A favorite topic on the blogosphere is whether or not Seediq Bale is an historically accurate take on the Wushe Incident. Some details, at least, are inaccurate, and people have some questions for the director Wei Te-sheng. For instance: Why is Mona Rudao at events in the early 1900s he didn’t attend (人止關 in 1902 and 姊妹原 in 1903)? Why does Mona Rudao shoot at Seediq women when there’s no historical evidence for it and when it goes against gaya – tribal tradition or teaching? Where does the child warrior Pawan Nawi come from? And so forth.
In assessing Seediq Bale’s historical accuracy it’s helpful to distinguish between subjective and objective: between 1) immediate, indigenous perspectives on history as it unfolds as current event on the one hand, and 2) distantiated, contextualized interpretations of historians on the other hand.
At a promotional event I attended, the director Wei Te-sheng said he wanted the audience to forget everything that has happened since 1930. I take him to mean that he wants to transport us back in time and give us subjective perspectives, mostly indigenous perspectives, on the Wushe Incident. This subjective history includes a knowledge of tribal politics and more basically of the Seediq worldview, of Seediq belief.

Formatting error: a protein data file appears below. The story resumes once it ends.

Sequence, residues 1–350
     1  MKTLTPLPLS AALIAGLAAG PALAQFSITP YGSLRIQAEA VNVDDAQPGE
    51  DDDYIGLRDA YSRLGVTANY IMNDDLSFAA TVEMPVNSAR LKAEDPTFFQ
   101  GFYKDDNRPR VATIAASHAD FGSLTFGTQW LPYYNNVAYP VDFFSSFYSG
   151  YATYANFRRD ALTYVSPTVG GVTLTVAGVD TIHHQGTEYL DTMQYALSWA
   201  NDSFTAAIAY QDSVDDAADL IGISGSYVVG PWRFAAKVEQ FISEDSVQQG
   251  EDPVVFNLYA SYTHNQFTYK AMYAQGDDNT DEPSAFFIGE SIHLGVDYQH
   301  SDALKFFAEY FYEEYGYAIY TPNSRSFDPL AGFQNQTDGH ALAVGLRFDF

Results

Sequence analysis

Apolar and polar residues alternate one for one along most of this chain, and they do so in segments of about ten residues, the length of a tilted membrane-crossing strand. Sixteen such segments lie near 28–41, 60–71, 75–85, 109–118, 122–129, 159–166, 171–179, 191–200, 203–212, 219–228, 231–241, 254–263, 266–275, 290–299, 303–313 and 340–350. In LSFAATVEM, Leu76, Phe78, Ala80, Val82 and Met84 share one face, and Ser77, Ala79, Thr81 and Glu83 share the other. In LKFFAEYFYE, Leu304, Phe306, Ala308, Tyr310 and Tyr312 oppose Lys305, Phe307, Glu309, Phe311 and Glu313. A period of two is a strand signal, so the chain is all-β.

First, what I’m calling “tribal politics,” with no disrespect or evaluation whatsoever intended in the use of the term “tribal.” It’s true that Mona Rudao and other indigenous characters in the film have a concept of the Japanese as an “alien race” or “foreign tribe.” Yet primarily Mona Rudao’s political world in the film remains one of territorial tribal alliances and antagonisms, involving in particular Toda and Tkdaya Seediq and to a lesser extent the Truku. Mona Rudao hates the Toda chief Temu Walis more than he hates the Japanese, and his hatred is more enduring.